I tend to think you're right. Less than 1 psi per day from a relatively small volume tire isn't much air. However, if it doesn't get worse, I can live with it until this 888 is worn out. Probably be done by the end of the year.
 

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Discussion Starter #17 (Edited)
DACD16DD-C938-43F9-962A-C01433890288_1525008390964.jpeg
I tend to think you're right. Less than 1 psi per day from a relatively small volume tire isn't much air. However, if it doesn't get worse, I can live with it until this 888 is worn out. Probably be done by the end of the year.
Well, I think I have uncovered most of my tire pressure issues.

I was checking the rear pressure and I seemed to have a hard time getting the gauge to seal on the valve stem. Then I felt some air on my thumb that seemed to be coming from the base of the stem. I then wiggled it and it moved side to side letting air escape each direction. That may be part of why I lost air on my trip. I can see hard bumps possibly jiggling the loose stem and letting small bursts of air.

I've never had an issue before with the Kurvey Girl stubby metal valves. I believe they are double nutted on the inside, but apparently this one worked loose. Fortunately, I have a 50% tread tire on my spare rear wheel that will easily get us to CCR and back. And probably to BWOM-10 at Tail of the Dragon in June.

As for the front, I spent some quality time today slowing spinning the wheel and spraying it with soapy water and carefully watching for bubbles. Never found a single hint of leakage. Decided to spin the tire and check the rim for dents or bead damage. Again nothing. I then lowered the floor jack to raise the rear wheel to change it as mentioned already. When I came back to the front I decided I might as well wipe down the front wheel since it was well covered in soapy water. As I spun the wheel it stopped abruptly. I pulled and it began to rotate, but again stopped quickly. I noted the spot and did it again and it stopped at the same spot. I had serendipitously lowered the front to where the front tire cleared the slab except at the high spot in the tire. A closer look showed a pronounced bulge just off-center in the tread. See attached pictures.

Then, as the now pretty clean tire dried, I noticed another dimple in the tread. I think it is hardware, but it may be a cactus thorn from my desert trip. I can't detect any leak, but it certainly is not to be ignored. So, a new tire is on the way. So, I will have a new front shoe for CCR.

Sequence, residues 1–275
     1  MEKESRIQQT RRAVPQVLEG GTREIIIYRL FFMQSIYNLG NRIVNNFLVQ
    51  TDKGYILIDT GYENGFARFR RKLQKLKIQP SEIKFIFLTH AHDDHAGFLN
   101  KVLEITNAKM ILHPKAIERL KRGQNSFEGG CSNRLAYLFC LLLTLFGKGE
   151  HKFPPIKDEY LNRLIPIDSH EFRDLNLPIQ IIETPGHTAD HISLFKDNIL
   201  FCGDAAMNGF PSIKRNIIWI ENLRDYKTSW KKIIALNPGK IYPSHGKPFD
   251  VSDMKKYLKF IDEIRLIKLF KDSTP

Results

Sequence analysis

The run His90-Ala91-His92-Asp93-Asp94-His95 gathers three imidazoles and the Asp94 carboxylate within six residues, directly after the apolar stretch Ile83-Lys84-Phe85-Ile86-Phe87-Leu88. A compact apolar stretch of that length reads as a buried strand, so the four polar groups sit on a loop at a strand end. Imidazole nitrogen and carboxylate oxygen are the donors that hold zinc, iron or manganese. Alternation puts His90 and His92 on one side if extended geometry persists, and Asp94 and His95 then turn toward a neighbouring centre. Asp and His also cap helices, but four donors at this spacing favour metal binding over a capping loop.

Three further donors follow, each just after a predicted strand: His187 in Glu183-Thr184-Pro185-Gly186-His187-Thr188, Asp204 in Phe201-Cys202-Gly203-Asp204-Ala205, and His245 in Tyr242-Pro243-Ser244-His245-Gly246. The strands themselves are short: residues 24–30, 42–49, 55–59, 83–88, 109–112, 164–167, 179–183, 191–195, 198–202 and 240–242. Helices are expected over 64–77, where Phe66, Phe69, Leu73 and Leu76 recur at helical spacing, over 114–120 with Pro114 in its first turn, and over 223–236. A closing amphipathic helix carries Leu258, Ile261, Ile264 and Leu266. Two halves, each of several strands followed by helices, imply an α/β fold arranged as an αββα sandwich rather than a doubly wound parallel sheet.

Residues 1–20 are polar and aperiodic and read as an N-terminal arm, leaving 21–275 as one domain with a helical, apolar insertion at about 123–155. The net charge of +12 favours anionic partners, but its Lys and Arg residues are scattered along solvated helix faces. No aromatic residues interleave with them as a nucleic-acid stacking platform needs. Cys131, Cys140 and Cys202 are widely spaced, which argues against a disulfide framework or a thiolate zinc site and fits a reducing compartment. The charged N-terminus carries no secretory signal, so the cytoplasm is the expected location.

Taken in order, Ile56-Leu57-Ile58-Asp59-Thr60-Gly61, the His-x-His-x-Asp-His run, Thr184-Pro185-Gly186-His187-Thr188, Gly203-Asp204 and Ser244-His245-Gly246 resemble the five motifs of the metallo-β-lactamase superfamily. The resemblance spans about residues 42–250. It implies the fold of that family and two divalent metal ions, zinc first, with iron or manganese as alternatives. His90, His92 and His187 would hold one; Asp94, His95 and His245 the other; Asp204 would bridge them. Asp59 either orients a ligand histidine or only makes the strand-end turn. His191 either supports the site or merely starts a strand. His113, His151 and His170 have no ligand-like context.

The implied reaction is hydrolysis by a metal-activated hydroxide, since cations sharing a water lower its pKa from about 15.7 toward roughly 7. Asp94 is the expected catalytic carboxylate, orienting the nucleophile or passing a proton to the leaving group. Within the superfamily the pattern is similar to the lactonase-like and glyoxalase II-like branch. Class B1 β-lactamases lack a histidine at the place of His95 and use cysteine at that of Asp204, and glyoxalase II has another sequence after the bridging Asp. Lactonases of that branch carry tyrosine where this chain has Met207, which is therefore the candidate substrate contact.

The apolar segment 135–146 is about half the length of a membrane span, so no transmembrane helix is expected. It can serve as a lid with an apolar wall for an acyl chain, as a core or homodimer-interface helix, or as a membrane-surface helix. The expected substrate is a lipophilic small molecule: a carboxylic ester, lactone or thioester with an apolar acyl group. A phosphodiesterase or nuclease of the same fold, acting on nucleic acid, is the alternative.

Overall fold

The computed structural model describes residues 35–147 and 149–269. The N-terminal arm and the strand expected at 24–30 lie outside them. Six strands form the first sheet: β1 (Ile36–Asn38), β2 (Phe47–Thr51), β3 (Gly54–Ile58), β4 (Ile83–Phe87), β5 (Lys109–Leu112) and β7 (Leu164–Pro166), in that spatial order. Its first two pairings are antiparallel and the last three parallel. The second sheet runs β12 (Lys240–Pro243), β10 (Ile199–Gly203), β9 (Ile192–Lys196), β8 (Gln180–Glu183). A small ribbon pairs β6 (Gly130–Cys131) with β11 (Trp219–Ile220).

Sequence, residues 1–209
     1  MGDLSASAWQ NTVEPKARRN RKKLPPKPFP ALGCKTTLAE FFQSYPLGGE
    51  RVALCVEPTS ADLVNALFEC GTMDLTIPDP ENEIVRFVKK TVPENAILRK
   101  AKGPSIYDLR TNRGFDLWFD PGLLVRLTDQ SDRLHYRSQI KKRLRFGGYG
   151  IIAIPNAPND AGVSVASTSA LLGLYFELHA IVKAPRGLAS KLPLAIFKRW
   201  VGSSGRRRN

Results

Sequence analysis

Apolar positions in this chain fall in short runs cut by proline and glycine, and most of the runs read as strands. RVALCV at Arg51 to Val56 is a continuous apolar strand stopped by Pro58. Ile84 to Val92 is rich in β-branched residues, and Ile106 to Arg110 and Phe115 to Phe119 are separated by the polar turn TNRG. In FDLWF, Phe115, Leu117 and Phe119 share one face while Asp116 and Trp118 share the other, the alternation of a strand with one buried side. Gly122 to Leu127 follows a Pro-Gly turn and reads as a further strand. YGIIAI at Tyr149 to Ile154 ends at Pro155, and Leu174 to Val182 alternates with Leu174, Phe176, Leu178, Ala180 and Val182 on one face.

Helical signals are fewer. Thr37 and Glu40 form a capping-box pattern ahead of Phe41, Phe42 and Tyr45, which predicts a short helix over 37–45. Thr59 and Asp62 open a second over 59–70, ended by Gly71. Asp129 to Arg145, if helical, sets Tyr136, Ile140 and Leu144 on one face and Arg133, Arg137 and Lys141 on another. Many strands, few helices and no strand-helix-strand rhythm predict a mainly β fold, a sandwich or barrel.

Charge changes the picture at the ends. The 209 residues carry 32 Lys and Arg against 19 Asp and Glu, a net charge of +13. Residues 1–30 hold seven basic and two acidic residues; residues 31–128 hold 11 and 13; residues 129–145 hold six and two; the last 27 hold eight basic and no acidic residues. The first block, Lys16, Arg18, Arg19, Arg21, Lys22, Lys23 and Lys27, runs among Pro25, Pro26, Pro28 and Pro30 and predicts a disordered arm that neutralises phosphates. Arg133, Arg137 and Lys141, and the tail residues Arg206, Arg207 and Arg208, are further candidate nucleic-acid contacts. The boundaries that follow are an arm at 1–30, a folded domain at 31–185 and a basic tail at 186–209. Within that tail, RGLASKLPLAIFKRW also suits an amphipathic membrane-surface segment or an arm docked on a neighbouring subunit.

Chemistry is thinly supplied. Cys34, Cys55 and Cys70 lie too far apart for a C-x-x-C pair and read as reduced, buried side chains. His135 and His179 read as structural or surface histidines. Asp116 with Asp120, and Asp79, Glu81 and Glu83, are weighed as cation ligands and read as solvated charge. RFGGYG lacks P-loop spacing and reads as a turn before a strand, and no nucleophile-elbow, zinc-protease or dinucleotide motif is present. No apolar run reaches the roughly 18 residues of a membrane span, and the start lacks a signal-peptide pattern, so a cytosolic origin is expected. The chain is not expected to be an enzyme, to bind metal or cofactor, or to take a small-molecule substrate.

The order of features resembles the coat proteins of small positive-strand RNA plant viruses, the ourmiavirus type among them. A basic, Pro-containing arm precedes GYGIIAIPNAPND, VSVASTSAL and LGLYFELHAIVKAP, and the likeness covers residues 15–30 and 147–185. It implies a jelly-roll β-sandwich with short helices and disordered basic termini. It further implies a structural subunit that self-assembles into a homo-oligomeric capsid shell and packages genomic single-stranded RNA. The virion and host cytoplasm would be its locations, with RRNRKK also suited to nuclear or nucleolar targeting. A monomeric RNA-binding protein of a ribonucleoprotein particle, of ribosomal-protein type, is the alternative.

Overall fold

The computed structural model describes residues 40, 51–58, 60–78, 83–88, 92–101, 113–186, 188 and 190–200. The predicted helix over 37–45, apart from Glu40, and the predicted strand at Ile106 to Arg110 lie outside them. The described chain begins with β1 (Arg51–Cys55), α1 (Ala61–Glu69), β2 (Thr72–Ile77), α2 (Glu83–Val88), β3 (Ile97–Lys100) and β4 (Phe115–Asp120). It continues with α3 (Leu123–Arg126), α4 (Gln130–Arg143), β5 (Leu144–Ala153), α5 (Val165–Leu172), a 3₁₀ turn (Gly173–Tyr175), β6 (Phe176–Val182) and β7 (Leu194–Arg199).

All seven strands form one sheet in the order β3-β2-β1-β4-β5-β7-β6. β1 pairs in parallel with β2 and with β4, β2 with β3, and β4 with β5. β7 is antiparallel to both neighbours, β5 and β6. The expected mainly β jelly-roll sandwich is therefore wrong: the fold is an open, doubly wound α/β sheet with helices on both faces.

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I had a bubble sort of like that on an ME 880 front that I noticed as I was getting read to replace it. It didn't leak either but I was glad I was replacing it.
 

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I had a bubble sort of like that on an ME 880 front that I noticed as I was getting read to replace it. It didn't leak either but I was glad I was replacing it.
My new tire arrived yesterday. AMT is fast. I ordered last Saturday. They will submit old tire to Metz for warranty review. I had 9,000 miles on it so I don’t expect much. This is the second failure of a made in Brazil Metz after 4 good German made ones. So far no failures of the Brigdestones.

Since it is 86 here today (snowed last Sunday), I decided to git’ER done.

I fixed the loose rear valve stem on the rear wheel and added a light coat of bead sealer to the valve stem seals. That is messy stuff. Put it on the remounted rear also and the new front, but not sure I got a uniform coat. Very hard to hold the stiff tires down with one hand and apply sloppy goop with the other. Probably should have had a second pair of hands.

We shall see if it was worth the effort.

I also found the front stem a little loose so I tightened it, but didn’t remove it to goop the seals. Must be thermal cycling and vibration that loosened them over the 6 or so years I’ve had them, even double nutted. May have to use thread locker if they loosen again.
 

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You say you have carefully worked over the bead area of your wheels and suspect some porosity in the wheel. This can happen. I agree the next thing is to coat the inside of the wheels. I suggest that you clean your wheel interior with some progressively nasty solvents and scotchguard (and gloves). I would start with 3M automotive adhesive remover to get all the bits of gunk off, especially the beads. Then a good wash of the interior with dome carb cleaner spray. Let dry well for a while and then paint/rub down completely with Loctite 290. It will penetrate any porosity. Of course allow no build up in bead area. Finding a small leak 5/10 psi a month is not easy. Soap might not do it. Specialty leak detectors like "Snoop" really help then it is staring for minutes at each area. I found a leak on a wheel that had been driving the owner nuts for a couple of years. It took a half hour of careful inspection with a quality leak solution. It was bead area corrosion.
https://www.amazon.com/Loctite-37481-Penetrating-Threadlocker-36-milliliter/dp/B0002KKTRM
https://www.amazon.com/Snoop-Leak-8OZ-SNOOP-Detector-oz/dp/B002N2T3QK/ref=sr_1_1?s=automotive&ie=UTF8&qid=1523722169&sr=1-1&keywords=snoop+leak+detector
Many years ago a car co. 'painted' their differential cases with wicking Locktite because of oil leaks due to casting porosity.